Tiago Tasca By: Tiago Tasca
Researcher in Global Health
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04 Jun 2020 : It's June, baby!

Welcome to June! I love this month for several reasons: it's my birthday (June 7), it's cold in Brazil then I can wear my favorite winter stuff, it's the month of Northeast parties (called Festa de São João, google it), and it's the precisely the middle of the year. Well, I'm excited about my birthday. This year I'll not have a party nor a friend gathering. Last year I celebrated at a Karaoke Bar and was so, so funny! I also remember how happy I was with my (ex)boyfriend and my friends. We were all together, singing, drinking, and having so much fun! I miss many of these guys and these enjoyable - and memorable - moments. Hopefully, this year will be the first time in years to celebrate my birthday with my family. I left my parents' house in 2010, and I came back in January 2020. But in July I'll be back to Brasilia (I hope). 

Monday, I went to my weekly psychologist session, and I realized that social distancing is making me understand what people I want to keep in my life. Also, I'm missing some but not others. I realized how some people are so so crucial for me. I realized that I miss hugs (I used to hate hugs) and a hot kiss from a lovely guy (ops, sorry). Social distancing is making me more aware of my mental needs (I quit smoking, and I start to take care of my face skin). Social distancing posed me a daily question: do you miss your ex, or do you miss *someone*? I also tried to fulfill all the social distancing hardships through exercises (I work out four times/week) and planning my future academic career. Well, this is challenging.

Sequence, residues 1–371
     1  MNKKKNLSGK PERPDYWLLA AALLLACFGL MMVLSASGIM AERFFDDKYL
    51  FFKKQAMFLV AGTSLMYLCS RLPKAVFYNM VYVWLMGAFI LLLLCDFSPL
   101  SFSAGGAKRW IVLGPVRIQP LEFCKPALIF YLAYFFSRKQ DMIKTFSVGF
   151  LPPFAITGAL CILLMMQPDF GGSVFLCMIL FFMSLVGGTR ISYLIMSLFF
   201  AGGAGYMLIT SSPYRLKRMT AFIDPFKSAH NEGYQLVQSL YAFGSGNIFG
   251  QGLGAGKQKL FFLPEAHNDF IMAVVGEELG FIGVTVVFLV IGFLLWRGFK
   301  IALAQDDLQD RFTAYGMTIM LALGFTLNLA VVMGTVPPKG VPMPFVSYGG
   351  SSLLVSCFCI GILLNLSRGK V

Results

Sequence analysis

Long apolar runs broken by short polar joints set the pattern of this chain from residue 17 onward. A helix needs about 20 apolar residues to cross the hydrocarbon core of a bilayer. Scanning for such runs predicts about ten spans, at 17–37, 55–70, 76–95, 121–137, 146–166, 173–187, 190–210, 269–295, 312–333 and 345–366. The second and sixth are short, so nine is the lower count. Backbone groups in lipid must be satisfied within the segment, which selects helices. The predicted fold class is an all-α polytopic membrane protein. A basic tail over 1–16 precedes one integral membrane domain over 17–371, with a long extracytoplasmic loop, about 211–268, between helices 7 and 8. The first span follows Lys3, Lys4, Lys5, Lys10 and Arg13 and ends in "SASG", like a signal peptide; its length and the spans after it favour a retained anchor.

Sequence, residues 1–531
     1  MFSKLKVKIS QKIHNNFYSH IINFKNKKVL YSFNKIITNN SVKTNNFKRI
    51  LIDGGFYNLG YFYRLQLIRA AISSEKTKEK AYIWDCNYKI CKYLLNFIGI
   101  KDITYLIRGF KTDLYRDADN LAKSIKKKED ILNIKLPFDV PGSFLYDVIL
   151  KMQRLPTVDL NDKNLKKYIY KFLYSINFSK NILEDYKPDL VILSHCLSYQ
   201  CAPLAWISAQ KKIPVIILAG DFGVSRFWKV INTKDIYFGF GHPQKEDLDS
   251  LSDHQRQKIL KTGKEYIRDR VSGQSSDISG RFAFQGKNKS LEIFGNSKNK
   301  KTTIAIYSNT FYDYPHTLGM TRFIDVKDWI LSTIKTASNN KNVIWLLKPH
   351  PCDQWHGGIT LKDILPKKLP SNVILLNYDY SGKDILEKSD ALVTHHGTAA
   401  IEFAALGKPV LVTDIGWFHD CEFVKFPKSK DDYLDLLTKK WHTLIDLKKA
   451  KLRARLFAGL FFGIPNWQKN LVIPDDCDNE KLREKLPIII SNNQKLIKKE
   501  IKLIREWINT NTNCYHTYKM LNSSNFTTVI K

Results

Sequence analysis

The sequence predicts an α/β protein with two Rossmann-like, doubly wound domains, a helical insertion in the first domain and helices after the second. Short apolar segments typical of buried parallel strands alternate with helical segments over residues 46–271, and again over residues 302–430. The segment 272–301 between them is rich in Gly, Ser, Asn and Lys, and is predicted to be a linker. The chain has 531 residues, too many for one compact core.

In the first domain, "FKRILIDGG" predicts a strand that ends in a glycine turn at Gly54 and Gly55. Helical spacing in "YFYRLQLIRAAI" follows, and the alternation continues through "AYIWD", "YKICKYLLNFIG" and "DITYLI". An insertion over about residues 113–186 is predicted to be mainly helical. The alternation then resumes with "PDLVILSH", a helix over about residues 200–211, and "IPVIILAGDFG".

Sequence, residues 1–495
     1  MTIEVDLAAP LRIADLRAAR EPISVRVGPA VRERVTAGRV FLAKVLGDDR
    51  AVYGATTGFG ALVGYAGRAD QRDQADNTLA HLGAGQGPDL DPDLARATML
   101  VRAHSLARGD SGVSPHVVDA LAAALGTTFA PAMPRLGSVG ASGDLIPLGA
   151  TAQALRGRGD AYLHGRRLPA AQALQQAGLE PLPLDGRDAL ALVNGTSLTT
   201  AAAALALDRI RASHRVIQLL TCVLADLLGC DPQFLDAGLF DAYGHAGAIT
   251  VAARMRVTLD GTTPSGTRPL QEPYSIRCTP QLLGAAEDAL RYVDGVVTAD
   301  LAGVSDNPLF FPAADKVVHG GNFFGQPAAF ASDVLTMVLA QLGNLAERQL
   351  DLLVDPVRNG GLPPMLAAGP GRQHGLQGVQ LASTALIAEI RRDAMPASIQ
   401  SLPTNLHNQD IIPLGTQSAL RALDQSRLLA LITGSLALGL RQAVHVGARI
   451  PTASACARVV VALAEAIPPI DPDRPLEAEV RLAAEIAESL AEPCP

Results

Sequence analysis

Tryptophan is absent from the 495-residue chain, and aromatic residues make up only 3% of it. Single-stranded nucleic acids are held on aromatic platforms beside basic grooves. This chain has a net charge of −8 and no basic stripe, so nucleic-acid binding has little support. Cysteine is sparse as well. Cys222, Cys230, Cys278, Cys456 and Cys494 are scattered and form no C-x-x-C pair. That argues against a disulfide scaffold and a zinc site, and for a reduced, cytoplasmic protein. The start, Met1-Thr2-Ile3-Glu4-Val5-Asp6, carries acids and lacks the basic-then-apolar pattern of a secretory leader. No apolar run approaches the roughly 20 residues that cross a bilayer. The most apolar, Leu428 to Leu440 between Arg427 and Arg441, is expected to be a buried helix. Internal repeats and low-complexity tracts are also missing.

Despite several self-learning, death tolls due to COVID-19 are still rampant in Brazil, and I don't know what will happen. I'm not afraid because in Brazil we have a lot of faith (not in our governments) but in ourselves. Brazilian people are survivors: we survive many years of corruption and are surviving under Bolsonaro (yes, we deserve a trophy!). Unfortunately, each day 1,000 people die because of negligence and denialism of our government. Surviving in Brazil was always a motto to our people, but now is more challenging than ever: a pandemic scenario coupled with a political turmoil fueled by misinformation, fake news, and post-truth. 

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